The 250-meter pier jutting out into Corio Bay next to the carousel has been around in some form since the 1860s.
Built for Industry, Not Recreation, Cunningham Dock was originally called the Rail Dock, and you can still trace the turns of the old railroad tracks in the paving.
These give you an idea of how busy the wharf is when ships are loading and unloading at the wharf.
Cunningham Quay was sold in the 2000s as a private event venue, in the final pavilion, but with a covered walkway open to the public with views of Geelong and its green waterfront.
13. Little Bio Brewery
The brewery was born in Fremantle in 2000 and expanded to Geelong in 2013 with a multi-million dollar investment.
In true Geelong style, Little Creatures Brewery has a retro industrial vibe in what was once Old Valley Worsted Mills.
It’s a sprawling venue that the brewery describes as the Little Creatures Village.
In case you were wondering, Little Creatures evokes the name of Talking Heads’ sixth album, but also refers to the yeast that converts wort into ethanol.
The brewery produces Hop Pale Ale, Amber Ale, Pilsner, Conference Ale, Cider and Furphy Refreshing Ale, all made using only Victorian ingredients.
During the tour, you’ll get to know this ancient wool mill and learn everything you need to know about how Little Creatures makes beer.
For those who really want to get into the nitty-gritty of brewing, there is “beer school” on the first Wednesday of the month.
14. Geelong Wine Region
Don’t forget Geelong is also one of Australia’s top wine regions, with a temperate maritime climate similar to Bordeaux.
The soil is sandy with low to moderate rainfall and Port Phillip Bay moderates the summer highs.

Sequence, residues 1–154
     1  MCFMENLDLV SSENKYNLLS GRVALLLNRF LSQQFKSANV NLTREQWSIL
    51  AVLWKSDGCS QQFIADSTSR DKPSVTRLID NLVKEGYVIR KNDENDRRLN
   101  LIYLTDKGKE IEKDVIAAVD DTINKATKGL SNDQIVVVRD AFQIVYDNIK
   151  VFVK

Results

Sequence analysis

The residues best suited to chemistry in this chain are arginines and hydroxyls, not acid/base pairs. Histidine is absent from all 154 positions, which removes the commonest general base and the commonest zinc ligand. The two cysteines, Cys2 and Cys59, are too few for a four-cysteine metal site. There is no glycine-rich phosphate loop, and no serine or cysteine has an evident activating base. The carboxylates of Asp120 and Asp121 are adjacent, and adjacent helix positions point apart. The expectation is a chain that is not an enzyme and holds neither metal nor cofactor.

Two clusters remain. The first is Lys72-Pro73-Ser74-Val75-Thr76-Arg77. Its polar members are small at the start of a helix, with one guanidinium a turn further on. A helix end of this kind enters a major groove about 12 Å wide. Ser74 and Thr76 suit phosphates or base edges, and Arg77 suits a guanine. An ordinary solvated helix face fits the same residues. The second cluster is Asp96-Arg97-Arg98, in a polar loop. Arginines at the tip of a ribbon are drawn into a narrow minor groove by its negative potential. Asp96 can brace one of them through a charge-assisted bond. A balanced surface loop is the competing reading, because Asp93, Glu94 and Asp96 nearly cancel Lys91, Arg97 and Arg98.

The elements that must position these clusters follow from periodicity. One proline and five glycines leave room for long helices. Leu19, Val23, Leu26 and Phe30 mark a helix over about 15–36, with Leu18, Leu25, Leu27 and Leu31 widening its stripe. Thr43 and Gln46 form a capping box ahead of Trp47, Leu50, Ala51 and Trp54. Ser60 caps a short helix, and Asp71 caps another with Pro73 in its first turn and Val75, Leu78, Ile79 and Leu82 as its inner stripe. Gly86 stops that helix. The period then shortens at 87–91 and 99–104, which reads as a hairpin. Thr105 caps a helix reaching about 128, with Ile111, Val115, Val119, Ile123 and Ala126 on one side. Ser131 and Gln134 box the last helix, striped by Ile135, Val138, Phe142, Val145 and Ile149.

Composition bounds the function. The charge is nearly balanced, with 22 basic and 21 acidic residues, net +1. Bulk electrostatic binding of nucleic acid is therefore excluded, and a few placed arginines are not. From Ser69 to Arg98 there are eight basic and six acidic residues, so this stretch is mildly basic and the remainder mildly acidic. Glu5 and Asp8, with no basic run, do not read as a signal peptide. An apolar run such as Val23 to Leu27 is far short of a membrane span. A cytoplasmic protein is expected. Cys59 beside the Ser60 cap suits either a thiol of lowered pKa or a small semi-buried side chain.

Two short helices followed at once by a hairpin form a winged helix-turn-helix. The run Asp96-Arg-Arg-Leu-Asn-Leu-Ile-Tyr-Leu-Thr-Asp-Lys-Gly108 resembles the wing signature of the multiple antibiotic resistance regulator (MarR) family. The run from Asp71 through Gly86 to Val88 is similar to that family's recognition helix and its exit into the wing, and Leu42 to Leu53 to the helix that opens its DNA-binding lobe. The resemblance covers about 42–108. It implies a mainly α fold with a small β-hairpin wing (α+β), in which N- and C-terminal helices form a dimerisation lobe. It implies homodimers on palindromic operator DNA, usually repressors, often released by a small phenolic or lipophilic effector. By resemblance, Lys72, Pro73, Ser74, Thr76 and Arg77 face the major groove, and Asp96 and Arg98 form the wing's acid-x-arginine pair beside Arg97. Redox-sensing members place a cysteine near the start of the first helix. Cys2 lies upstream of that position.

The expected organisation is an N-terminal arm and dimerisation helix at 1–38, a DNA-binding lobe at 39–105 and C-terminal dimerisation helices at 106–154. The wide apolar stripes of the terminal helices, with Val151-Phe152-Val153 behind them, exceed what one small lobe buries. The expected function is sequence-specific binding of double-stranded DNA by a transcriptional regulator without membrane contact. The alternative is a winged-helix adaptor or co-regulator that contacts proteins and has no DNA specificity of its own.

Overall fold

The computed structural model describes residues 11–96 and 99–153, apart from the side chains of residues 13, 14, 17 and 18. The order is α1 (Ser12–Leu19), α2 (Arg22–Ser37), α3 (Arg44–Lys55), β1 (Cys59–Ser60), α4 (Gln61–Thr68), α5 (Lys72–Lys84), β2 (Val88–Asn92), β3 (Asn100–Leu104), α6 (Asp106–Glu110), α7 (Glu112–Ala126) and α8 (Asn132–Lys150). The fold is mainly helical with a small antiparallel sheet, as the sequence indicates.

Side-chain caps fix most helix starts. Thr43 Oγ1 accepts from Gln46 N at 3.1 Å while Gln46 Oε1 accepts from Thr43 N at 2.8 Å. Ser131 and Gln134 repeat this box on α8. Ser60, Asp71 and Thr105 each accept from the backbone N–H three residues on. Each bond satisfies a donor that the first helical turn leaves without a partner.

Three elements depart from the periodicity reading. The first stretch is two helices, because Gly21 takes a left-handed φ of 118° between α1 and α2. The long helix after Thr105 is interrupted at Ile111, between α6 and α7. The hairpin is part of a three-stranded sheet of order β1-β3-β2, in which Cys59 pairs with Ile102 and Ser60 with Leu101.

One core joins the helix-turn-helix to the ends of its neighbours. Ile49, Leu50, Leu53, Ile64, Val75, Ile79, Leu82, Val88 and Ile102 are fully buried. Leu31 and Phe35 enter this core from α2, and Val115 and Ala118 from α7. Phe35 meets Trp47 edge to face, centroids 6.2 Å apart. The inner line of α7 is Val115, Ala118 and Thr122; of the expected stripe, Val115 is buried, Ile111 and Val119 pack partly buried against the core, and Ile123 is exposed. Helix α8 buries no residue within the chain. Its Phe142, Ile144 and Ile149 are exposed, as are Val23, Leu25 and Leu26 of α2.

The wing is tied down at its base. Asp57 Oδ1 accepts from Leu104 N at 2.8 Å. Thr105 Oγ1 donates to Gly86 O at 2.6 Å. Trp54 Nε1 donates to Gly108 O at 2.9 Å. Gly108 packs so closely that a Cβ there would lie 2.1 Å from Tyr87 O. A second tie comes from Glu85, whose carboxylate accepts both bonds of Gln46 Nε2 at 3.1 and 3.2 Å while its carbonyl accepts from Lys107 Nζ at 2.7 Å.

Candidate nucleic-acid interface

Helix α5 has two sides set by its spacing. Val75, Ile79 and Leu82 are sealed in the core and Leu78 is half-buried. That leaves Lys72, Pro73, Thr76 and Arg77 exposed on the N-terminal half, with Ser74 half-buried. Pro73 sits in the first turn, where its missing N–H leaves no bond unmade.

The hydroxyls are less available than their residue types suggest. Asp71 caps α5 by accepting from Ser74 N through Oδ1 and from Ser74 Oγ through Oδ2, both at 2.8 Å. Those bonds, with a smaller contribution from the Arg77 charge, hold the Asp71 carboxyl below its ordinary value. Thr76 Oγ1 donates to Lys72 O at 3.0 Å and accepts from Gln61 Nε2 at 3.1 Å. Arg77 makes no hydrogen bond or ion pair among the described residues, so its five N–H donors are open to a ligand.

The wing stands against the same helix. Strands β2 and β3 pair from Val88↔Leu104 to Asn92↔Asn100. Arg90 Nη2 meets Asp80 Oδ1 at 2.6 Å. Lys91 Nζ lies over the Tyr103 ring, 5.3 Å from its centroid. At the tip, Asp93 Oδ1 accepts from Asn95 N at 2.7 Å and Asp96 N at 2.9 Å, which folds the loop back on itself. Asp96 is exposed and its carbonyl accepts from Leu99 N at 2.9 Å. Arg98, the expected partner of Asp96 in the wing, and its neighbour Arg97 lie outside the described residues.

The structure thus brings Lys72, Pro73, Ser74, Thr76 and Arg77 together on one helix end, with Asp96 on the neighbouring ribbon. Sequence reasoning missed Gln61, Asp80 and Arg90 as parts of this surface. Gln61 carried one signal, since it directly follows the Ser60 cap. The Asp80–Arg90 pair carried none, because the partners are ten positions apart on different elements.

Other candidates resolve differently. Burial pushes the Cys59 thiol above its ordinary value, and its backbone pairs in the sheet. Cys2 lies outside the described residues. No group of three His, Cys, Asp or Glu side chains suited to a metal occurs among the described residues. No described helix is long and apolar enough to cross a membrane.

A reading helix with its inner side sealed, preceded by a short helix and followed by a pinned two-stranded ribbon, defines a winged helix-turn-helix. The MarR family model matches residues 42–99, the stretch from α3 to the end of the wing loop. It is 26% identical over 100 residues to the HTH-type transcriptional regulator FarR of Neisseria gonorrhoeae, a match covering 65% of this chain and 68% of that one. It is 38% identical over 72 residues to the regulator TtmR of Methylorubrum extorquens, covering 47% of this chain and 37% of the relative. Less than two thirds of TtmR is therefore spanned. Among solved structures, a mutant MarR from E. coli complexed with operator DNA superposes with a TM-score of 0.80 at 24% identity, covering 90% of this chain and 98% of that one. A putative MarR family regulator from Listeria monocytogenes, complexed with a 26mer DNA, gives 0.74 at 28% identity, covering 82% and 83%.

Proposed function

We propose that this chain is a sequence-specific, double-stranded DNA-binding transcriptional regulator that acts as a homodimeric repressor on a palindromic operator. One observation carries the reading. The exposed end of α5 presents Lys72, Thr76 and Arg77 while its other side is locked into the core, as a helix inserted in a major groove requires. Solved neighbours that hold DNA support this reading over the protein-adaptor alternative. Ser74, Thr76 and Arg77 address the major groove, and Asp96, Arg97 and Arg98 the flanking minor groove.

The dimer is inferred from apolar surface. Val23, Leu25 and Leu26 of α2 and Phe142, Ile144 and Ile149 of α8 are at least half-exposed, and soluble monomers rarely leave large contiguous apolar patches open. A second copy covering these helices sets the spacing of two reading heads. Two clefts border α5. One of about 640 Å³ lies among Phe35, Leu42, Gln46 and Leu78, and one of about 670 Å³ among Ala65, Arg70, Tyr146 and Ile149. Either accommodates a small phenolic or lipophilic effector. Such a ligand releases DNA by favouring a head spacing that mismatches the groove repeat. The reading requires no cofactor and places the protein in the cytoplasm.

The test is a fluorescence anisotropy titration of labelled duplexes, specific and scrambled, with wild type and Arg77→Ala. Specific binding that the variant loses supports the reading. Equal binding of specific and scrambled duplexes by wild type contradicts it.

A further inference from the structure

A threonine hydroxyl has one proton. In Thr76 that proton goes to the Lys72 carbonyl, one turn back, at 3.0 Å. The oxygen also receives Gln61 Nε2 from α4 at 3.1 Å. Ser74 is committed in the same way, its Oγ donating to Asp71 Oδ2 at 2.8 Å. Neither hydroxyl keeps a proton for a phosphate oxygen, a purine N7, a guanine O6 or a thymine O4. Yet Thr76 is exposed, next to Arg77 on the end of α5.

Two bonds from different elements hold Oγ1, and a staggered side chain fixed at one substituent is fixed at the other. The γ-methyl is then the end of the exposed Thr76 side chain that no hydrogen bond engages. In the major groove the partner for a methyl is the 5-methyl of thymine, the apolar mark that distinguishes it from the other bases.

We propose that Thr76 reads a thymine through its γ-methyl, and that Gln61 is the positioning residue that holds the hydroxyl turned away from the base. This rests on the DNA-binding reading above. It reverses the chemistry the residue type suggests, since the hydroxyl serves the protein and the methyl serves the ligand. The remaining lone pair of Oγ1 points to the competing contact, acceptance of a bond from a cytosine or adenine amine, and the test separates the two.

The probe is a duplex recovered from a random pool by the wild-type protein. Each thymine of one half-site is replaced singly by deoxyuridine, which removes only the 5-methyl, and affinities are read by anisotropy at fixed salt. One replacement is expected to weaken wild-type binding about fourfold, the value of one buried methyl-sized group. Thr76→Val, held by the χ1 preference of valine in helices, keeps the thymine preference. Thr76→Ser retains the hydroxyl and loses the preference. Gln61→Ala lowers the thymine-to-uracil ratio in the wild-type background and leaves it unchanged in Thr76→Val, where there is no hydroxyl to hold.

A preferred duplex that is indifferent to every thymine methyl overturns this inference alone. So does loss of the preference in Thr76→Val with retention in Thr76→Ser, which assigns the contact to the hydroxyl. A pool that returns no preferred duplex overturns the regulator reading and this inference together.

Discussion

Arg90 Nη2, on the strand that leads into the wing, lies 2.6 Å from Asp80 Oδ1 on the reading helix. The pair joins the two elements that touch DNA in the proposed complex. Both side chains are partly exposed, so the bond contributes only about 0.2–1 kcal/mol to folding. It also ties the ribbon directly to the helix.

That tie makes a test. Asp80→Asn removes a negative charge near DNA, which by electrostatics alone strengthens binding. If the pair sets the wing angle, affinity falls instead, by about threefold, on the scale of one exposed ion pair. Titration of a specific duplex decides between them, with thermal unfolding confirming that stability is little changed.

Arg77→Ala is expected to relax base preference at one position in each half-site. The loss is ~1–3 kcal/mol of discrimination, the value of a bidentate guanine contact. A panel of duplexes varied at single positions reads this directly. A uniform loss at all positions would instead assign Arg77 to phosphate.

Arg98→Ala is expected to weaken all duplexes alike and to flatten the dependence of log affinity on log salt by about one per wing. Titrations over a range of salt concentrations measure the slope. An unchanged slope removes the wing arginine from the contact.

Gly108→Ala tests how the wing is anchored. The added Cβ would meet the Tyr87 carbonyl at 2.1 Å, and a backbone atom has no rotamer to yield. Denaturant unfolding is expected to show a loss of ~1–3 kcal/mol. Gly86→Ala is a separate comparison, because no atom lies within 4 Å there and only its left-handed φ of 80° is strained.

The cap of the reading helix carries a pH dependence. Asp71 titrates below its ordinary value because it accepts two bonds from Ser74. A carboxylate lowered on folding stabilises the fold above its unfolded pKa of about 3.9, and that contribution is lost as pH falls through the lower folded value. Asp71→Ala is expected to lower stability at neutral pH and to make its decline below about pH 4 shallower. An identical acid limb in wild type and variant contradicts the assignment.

Geelong’s main grape varieties are Cabernet Sauvignon, as well as Pinot Noir, Chardonnay and Shiraz.
Those Cabernet Sauvignons are robust and age well, with prominent blackcurrant flavors when they reach their peak.
The tough part is choosing which of Geelong’s more than 40 cellars and wineries to visit, but the Bellarine Peninsula is a good place to start (Oxden, Warrington Estate in Mount McGrath, Tenda Estate).
15. Geelong Hot Air Balloon at Sunrise
The coastal scenery around Geelong is beautiful, but at first glance takes on an almost magical quality.
So if you start early, you’ll see this balloon fly for a lifetime on GetYourGuide.com.
It takes about 30 minutes to set up the balloon, followed by a safety briefing, then you’ll float in the wind and watch the first rays of the sun depict Corio Bay, Stingary Bay, Port Phillip Bay and the Bellarine Peninsula.
To the west, you can see the Barrabool Hills and follow the course of the Barwon River as it meanders to Lake Conneval.
Where to stay: The best hotels in Geelong, Australia
Lowest Price Guarantee